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Voyaging

Kona Combo

Kona Combo

A week cruising and fishing aboard Hawaii’s dynamic charter duo.

By Richard Thiel — October 2002

   


 More of this Feature

• Part 1: Kona Cruise
• Part 2: Kona Cruise
• Part 3: Kona Cruise


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I've been around boats long enough not to trust omens. I've seen too many cruises start in perfect weather and deteriorate into a week of bone-chilling drizzle, and fishing trips begin with multiple knockdowns and devolve into hours of ennui. But after my first day aboard Kakela, the 96-foot Broward cockpit motoryacht out of Oahu, things were looking pretty rosy.

I'm met at the Kona airport by photographer/journalist Rick Gaffney and his wife Jeanette Foster. Despite the fact that I've just spent the previous 22 hours in airplanes and airports, both awaken me about as effectively as the island's famous coffee by rattling off factoids about everything from culture to climate. After a stop for provisions (and three bags of Kona coffee for the folks back home), we're off to rendezvous with Kakela's 17-foot Nautica for the short run to the yacht, anchored in nearby Kailua Bay.

As we motor north aboard Kakela at a leisurely 9 knots, I receive a classic Kona postcard: breaching humpbacks on one side and verdant landscape intertwined with old lava flows on the other. And there's a special treat: simultaneous views of snow-capped, 13,784-foot Mauna Kea and 13,440-foot Mauna Loa. (We can't see Kilauea, the most infamous of the island's five volcanoes, because it's on the southeast shore.) One of the pair is usually swathed in clouds. Indeed, the day is strangely (to me) overcast, more what I'd expect of Puget Sound than proverbial sunny Hawaii.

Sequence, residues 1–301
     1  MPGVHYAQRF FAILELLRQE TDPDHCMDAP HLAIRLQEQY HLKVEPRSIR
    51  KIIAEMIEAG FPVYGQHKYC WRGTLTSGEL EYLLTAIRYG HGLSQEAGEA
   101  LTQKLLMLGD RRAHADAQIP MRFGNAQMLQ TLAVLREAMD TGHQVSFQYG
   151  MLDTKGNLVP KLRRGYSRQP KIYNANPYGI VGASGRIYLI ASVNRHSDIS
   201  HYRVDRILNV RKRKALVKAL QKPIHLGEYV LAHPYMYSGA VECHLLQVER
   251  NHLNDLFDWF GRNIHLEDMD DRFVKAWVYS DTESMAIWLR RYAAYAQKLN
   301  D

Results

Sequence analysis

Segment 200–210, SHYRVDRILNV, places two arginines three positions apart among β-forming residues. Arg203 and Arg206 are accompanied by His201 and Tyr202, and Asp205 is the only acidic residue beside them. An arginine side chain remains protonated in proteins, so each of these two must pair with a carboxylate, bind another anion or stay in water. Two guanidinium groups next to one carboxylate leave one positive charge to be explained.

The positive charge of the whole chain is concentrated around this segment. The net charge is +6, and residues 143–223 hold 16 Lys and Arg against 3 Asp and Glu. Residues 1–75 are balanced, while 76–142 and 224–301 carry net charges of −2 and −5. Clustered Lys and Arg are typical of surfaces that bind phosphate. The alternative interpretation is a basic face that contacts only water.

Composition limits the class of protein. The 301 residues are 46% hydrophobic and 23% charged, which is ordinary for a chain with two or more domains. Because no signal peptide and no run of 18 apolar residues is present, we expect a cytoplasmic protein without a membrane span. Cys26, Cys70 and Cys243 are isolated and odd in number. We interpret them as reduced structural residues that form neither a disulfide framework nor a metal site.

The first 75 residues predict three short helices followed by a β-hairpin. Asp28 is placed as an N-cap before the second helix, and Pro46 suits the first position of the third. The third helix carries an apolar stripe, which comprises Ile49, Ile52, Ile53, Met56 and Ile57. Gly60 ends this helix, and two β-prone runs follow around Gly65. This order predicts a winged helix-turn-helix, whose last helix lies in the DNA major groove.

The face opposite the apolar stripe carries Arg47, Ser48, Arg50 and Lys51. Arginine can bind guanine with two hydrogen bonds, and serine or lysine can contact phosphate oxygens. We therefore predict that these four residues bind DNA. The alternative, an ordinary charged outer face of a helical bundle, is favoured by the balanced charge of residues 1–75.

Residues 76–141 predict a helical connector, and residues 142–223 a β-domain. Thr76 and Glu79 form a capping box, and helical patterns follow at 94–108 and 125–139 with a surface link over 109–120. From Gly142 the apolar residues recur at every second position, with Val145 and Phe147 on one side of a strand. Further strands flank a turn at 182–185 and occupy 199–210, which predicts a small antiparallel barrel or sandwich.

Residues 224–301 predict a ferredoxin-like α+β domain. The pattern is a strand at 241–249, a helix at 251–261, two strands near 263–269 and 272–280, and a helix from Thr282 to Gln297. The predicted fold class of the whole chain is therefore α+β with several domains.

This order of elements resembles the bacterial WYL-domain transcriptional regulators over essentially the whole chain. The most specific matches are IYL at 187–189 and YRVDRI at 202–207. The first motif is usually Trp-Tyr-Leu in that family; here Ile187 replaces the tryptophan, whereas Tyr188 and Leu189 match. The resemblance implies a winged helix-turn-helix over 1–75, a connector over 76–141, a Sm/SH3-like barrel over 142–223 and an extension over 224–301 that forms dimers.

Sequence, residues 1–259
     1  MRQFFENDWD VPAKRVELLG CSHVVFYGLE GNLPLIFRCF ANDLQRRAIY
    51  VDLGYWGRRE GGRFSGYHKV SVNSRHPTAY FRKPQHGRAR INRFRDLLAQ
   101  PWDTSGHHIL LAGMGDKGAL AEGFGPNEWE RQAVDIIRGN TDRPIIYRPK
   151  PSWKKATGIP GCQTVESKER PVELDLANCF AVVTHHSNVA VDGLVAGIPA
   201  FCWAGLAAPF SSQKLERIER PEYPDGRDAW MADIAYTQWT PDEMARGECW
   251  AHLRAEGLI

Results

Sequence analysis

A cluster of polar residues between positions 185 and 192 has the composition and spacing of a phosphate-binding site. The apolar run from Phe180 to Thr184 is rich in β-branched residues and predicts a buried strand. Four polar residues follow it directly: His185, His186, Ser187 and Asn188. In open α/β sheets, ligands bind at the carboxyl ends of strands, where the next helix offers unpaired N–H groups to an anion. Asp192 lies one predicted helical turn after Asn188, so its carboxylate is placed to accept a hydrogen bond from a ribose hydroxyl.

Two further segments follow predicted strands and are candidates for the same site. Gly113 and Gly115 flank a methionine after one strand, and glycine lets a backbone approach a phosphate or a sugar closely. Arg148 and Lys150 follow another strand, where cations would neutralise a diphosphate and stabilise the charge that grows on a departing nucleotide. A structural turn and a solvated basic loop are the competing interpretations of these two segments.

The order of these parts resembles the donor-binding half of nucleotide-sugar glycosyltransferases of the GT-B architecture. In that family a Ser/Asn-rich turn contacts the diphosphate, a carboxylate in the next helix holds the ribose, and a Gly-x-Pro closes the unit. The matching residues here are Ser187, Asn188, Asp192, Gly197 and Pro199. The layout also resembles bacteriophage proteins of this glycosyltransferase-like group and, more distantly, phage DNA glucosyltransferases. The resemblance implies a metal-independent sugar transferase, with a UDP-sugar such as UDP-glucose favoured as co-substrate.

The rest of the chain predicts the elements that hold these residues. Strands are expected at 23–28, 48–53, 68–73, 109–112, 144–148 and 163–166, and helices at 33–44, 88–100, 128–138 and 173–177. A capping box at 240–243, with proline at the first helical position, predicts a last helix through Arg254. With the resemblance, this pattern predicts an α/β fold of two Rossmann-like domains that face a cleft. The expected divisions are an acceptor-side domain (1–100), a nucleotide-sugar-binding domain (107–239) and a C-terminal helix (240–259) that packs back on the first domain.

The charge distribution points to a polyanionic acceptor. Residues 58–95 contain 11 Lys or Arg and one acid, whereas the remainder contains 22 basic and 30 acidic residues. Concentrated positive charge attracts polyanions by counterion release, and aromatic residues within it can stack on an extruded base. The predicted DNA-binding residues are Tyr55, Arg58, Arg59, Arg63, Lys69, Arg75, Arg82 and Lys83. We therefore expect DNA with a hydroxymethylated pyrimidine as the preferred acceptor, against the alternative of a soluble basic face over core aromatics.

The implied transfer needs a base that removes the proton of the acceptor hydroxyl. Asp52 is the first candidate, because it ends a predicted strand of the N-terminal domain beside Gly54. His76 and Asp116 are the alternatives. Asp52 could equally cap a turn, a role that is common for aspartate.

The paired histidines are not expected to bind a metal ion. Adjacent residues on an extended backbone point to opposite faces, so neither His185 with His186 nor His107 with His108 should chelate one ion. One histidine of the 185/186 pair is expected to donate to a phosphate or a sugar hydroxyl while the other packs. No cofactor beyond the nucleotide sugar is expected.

Whales blow and breach as we make our way along the dry coastline bound for Anaehoomalu Bay and what Gaffney calls the "turtle-cleaning station." Four turtle species call these islands home, but only Hawksbill and Green Sea turtles inhabit inshore waters. On arrival we dive into the 78-degree water and soon spot our quarry, small blue-green Saddle Wrasses dining on the parasites attached to the turtles' shells. Like a quarter of all fish in these waters, they're endemic to Hawaii, placing it on a par with such exotic locales as Easter Island, the Galapagos, and the Red Sea. Since we're on the lee side (Kona means lee in Hawaiian), the water is calm, although cloudy from recent heavy rains.

Next page > Kona, Hawaii Cruise, Part 2 > Page 1, 2, 3

This article originally appeared in the April 2003 issue of Power & Motoryacht magazine.

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